There should also be an ethics committee involved in deciding on the appropriate research to conduct.
This should also help with fostering public support for the project.
Donation of Bodies
I would recommend that a procedure be put in place to enable people to donate their bodies to a HTF in
the UK. It could be a matter of copying the forms used in Australia, where a person decides to donate
their body to the university medical department for research, and can then specify that they will also
allow their body to be used for forensic research. The FAC forms also have a specific area where the
donor can indicate whether or not they are willing for trauma research to be conducted on their remains.
In this way the donors will always be giving informed consent as to what they are donating to.
A memorial garden or area where family can visit would also be a good idea.
There should be a way of maximising the diversity of the donor bodies. Both the FAC and AFTER have the
same issue with most donors being old white men. Information sessions with potential donors might be a
way of increasing the diversity of the bodies donated.
Setting up a Human Taphonomy Facility in the UK will not be easy. It will require cooperation from a lot of
different public and private sector partners to make it happen. But I believe that if we don’t do this we are
leaving the UK behind in terms of forensic anthropological research. We have the opportunity to set up
the first facility of its kind in Europe, and to gain the international renown that this would entail.
This article was first published in CSEye in February 2018.
Dr Richard Shepherd
I always really wanted to be a forensic pathologist, so I read Unnatural Causes with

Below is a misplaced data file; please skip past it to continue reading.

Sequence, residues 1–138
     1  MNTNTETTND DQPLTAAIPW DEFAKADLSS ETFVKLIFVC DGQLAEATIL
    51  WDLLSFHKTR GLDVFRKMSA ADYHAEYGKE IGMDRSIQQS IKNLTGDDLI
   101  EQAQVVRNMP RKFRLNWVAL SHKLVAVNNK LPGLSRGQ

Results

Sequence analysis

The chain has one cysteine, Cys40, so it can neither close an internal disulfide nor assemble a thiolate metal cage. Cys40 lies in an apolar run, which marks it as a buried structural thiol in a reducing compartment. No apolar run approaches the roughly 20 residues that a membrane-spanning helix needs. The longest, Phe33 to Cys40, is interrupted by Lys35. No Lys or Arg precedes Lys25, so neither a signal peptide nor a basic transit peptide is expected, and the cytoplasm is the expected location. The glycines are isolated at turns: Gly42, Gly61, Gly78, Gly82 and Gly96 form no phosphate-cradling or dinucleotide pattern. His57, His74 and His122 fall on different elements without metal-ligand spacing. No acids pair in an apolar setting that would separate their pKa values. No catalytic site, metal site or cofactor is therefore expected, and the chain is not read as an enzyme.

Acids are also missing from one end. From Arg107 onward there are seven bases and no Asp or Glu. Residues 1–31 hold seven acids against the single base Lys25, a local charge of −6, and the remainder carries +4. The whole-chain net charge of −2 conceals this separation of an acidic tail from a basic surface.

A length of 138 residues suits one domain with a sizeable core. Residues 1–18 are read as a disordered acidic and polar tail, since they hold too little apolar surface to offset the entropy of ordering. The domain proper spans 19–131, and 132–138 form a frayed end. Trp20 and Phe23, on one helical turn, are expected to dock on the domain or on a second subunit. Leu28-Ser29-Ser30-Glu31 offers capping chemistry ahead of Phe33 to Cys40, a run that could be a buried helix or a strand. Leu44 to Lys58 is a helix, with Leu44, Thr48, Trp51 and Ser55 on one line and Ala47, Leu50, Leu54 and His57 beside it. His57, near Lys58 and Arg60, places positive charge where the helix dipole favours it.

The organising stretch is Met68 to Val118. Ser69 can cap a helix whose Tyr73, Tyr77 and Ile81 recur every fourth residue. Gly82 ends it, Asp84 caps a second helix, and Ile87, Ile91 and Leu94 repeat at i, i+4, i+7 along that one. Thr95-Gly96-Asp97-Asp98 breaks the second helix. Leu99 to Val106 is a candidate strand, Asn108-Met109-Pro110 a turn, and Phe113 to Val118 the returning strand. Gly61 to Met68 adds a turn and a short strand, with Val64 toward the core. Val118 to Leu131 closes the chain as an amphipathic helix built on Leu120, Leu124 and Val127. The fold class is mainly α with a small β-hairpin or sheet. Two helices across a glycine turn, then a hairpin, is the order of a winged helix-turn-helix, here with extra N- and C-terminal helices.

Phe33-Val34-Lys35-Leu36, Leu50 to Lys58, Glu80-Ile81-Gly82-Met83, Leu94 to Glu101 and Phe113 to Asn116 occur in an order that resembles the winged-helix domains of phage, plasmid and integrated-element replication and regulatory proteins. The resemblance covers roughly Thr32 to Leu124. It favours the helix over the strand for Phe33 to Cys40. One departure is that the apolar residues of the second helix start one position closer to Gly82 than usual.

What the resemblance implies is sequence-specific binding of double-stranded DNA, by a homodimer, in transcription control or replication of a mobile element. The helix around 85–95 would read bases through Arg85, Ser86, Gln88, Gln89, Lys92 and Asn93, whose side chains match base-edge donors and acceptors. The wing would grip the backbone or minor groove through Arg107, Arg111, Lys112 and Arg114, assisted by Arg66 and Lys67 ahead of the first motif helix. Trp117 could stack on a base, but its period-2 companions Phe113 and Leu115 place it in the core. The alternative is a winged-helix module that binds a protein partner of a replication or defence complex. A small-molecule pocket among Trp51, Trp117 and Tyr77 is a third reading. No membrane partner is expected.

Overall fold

some relish. Whilst more autobiographical than anticipated, but none the worse for it,
this book is an account of a Dick Shepherd’s career as a forensic pathologist from his
first encounter with Professor Keith Simpson’s book, Simpsons’ Forensic Medicine as a
teenager through to his writing of the twelfth edition of the same text and beyond. He takes the reader
on a journey through the 1980s, 1990s and 2000s punctuated with some of the significant cases on
which he worked, many of which will be familiar - the Hungerford shootings, the murders of Stephen
Lawrence and Rachel Nickell, the Marchioness and Clapham rail disasters to name but a few.
Each case brought its own challenges and learning, but throughout, one gets an impression of the man
and how these cases, sometimes all-consuming, affected his life both professional and personal. And it is
the honesty with which the latter is recounted that leaves the reader with a sense of the toll that the job
can take over time.
As the book progresses, changes in the way that forensic pathology services are provided are touched
upon - an interesting parallel to the way in which forensic science provision has also changed.
This is a gripping and ultimately heart-wrenching read, recommended for those who are interested in or
thinking of forensic pathology as a career but also for those of us who want a glimpse into this fascinating
Kerri Allen 24/4/19